Last Thursday I received a last minute invitation for hunting in the middle of the Netherlands. Of course we gladly accepted. I asked what kind of hunting was on the menu and this time we started the day with hiding in a hut awaiting geese and ducks flying by. As this takes steadyness and quietness of the dogs I thought it was a good idea to bring Kaspar too in order to allow him get used to awaiting out of sight of the guns.
I am myself a little nervous when on a new hunt somewhere – as I worry if we will do well and fulfill the expectations. I would be very sad in case an unfortunate shot animal would not be retrieved well – in the end that one of the reasons gundogs are a part of hunting, to ensure that suffering is kept at a minimum in the case needed. Knowing that Rumi never lets me down is comforting but a good hunting dog is not being created only with training. They need the right field experience as well. Today Rumi was “lucky” to get more experience by a cast of a big grey goose that was still alive after a shot. This was the first time for her to retrieve a warm living grey goose. She took a couple of moments to pick it up and came in full galop with the big bird and then it was my task to fulfill the job – also not a beginners thing. These birds are huge and taking an animal’s life – even for your own purpose of eating it is not a light task. The experienced hunter supervised my job and checked that I did it in the most humane way. So also a first for me. I really appreciate to learn from experienced people and today was a very rich learning experience from wholehearted hunters with years of experience. A big thank you for that – to whom it concerns.
The field was situated in the surroundings of Schiphol – every now and then the planes passed by and I was thinking how dangerous such a big bird can be for an airplane engine. Then considering how many geese I spot every day in the fields as I drive on the highway…no wonder hunters are so busy trying to keep the numbers within an acceptable rate.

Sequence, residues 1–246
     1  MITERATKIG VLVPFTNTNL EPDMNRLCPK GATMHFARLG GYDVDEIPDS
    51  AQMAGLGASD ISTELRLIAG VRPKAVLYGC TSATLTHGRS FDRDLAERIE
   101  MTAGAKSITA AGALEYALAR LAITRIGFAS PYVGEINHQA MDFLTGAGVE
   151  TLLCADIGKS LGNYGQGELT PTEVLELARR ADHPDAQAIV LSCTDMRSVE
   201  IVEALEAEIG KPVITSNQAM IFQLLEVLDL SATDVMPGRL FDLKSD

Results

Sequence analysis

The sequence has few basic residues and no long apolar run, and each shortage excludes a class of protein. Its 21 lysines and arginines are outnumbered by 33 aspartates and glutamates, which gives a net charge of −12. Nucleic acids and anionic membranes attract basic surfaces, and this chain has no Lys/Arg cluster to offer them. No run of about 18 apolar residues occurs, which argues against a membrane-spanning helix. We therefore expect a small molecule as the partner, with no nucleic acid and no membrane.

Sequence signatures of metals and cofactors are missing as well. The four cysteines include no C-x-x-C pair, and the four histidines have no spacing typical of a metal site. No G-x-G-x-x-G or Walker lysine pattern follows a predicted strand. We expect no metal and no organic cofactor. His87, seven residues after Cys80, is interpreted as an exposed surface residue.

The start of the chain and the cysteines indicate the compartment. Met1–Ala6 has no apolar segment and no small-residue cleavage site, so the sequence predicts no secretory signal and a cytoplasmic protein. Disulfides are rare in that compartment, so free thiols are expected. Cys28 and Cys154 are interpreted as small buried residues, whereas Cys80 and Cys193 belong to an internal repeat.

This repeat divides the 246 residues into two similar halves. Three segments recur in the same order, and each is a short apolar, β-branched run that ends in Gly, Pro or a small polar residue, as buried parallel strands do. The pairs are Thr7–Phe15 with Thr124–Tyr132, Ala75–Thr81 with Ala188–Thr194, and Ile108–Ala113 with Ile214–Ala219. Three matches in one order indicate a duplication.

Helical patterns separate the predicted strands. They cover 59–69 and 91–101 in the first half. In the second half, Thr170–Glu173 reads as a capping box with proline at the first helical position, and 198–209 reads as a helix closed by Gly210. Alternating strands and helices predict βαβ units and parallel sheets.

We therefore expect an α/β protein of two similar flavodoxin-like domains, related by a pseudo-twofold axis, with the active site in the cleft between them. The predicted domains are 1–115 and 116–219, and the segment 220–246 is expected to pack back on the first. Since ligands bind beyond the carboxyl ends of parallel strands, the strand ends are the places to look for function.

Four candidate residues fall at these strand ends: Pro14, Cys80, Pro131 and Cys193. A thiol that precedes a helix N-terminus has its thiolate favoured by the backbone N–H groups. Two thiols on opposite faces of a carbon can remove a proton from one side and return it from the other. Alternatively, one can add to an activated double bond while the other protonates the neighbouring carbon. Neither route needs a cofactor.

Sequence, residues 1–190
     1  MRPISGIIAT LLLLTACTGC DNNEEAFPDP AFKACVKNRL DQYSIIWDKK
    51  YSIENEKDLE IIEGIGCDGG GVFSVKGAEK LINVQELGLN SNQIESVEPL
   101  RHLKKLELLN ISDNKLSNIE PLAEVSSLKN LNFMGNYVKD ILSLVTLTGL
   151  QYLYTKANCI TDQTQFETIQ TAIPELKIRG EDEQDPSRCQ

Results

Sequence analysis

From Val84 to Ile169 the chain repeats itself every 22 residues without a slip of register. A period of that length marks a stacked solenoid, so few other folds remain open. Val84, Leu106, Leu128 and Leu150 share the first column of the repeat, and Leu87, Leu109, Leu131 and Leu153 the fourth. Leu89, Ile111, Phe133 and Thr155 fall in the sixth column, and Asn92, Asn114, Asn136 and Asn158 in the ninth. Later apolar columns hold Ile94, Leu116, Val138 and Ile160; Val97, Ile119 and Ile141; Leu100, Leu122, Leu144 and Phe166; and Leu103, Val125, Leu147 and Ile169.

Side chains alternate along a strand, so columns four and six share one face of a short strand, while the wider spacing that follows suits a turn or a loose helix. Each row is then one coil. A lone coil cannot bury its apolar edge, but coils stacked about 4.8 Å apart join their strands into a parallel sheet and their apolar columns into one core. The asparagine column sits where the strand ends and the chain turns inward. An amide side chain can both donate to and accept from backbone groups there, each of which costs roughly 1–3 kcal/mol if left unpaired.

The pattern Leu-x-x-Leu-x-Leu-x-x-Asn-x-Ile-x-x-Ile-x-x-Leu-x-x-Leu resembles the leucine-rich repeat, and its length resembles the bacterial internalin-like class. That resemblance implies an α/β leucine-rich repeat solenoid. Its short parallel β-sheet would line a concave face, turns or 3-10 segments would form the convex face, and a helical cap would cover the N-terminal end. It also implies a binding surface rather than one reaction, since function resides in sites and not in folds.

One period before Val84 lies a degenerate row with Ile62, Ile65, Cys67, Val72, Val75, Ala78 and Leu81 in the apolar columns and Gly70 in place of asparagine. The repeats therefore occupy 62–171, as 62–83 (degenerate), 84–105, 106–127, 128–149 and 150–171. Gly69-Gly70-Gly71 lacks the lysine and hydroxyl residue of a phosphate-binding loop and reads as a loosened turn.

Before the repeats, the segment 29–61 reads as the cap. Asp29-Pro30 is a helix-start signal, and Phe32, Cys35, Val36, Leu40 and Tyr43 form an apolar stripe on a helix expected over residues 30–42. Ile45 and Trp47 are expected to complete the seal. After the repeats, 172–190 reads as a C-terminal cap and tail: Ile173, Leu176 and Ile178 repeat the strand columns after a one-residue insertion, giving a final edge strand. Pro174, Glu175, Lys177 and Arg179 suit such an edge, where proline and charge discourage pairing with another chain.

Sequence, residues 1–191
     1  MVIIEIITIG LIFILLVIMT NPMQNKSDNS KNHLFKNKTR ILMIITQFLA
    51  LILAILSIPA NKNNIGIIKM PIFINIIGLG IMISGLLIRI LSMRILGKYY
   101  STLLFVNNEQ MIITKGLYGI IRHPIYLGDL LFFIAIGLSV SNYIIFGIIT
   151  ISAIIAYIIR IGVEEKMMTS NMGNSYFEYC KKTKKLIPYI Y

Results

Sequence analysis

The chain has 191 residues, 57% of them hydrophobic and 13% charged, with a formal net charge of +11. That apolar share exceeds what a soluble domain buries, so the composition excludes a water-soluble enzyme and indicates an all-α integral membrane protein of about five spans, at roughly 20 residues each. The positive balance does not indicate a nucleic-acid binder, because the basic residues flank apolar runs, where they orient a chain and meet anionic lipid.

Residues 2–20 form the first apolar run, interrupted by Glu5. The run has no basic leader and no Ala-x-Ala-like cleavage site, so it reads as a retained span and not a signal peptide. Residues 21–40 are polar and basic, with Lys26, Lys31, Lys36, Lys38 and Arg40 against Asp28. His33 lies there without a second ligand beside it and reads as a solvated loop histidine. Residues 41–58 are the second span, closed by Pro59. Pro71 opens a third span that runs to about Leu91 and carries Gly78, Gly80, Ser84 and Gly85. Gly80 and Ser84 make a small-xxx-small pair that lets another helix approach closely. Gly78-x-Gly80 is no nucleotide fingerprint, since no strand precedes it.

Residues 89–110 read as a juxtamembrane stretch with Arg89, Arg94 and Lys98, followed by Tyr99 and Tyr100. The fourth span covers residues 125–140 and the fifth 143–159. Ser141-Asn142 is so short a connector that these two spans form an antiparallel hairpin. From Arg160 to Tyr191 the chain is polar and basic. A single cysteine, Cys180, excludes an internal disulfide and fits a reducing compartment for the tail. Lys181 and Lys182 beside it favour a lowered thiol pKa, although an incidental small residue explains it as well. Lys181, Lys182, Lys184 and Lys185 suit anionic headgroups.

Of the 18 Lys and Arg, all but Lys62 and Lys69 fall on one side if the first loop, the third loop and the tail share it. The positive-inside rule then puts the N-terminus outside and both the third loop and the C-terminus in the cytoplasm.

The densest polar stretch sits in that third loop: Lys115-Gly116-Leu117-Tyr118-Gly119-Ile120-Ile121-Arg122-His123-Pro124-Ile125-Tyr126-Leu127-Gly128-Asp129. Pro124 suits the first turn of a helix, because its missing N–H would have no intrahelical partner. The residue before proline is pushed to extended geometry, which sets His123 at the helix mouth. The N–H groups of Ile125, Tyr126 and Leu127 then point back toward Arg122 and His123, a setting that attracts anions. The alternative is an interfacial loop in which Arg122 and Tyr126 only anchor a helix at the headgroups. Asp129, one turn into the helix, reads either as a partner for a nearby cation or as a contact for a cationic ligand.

Retrieving the goose took me back in time, when I as child drove with my father through his hunting area, a forest in the south of Denmark. He sometimes ran in to animals laying on the side of the road – foxes and deer suffering from impact of a cat hit. I remember my father becoming very angry when people had not taken the effort to call the police about hitting an animal. I am not sure if people realize that hunters work together with officials in such cases and that there are trained search dogs available to track hurt animals and relieve them from suffering. He would then jump out of the car and end this situation. When I was younger I disliked this part a bit – but as I grew older I realized that all meat came from animals and that taking a life is part of that proces.
I started horseback riding as a child and during a visit at a stable next to a slaughterhouse I saw for the first time with my own eyes how our beef and pork is being generated. From that day on my whole vision on hunting changed, as I can assure you that hunting and eating game is the most kind way of having meat on our plate. But enough on hunting politics – back to the present.
My little boy Kaspar watched his mother retrieve the goose and a duck – and did a great job of being quiet and waiting. After the morning hunt we went for a driven hunt on hares – so I decided to bring only Rumi for that bit. She is not so experienced yet on hares but with a couple of runs including a hare retrieve. I got some good exercise too out in the field and I drove home with a wonderful hunting experience and an enjoyable day with passionate people and dogs. Tomorrow I will prepare the meat generously given to us by the host and then we will continue training the dogs for next years hunting season.